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These simple steps will free up money which can be used to top up your investments
Thursday 28 Mar 2019 Author: Laura Suter

Everyone wants to be able to put away a little bit more cash each year, but no one wants to live on beans and have no social life in order to do so.

We’ve crunched the numbers and found some of the best ways to save cash each year, with minimal effort and that are actually realistic. If you do all these you can save £3,000 and more each year. This money can then be used to invest in the markets.

You could ditch your daily coffee from the shops altogether, but we want to work out ways to keep the luxuries you love and just cut the cost of them.

A number of coffee shops now offer discounts if you take your own cup. Sandwich chain Pret A Manger, for example, offers 50p off your drink if you take a reusable cup – this means you can get its filter coffee for a mere 49p. Starbucks and Costa Coffee give you 25p off, while Greggs will give you 20p off any hot drink. You’ll need to buy a reusable cup in the first place, but Starbucks sells one for just £1.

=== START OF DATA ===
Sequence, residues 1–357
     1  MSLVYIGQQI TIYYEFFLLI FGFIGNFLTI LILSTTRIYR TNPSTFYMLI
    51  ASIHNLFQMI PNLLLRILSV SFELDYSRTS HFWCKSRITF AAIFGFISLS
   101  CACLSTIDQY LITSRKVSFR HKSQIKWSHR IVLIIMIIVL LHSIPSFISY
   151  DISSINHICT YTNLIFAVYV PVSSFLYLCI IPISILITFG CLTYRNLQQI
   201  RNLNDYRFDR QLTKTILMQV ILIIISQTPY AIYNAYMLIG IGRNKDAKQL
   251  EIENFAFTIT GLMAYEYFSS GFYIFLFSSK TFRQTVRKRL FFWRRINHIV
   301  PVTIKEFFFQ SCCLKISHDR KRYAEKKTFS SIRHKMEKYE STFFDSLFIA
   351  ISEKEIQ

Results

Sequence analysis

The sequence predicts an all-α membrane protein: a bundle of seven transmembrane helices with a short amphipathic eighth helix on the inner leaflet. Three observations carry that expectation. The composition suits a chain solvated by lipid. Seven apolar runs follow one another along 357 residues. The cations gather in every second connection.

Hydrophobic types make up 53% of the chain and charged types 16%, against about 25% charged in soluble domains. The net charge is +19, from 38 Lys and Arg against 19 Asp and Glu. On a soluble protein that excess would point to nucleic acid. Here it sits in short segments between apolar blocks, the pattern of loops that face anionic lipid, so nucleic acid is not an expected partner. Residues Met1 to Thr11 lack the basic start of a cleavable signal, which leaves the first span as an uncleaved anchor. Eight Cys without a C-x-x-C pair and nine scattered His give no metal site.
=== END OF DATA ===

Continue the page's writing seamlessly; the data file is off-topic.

Saving: Assuming you buy a coffee from Starbucks every weekday (and buy its £1 cup): £64 a year

Lots of people hand over money every month for subscriptions that they no longer use, or even ones they never intended to pay for.

Most of us have fallen victim to signing up for a free trial to something and then forgetting to cancel before the trial period ended.

The Citizens Advice Bureau estimates that the average Brit spends £640 a year on unwanted subscriptions, and some people don’t even realise they are paying for some services.

Check your bank accounts, including any old accounts you think you no longer use, and cancel anything you don’t use, don’t need or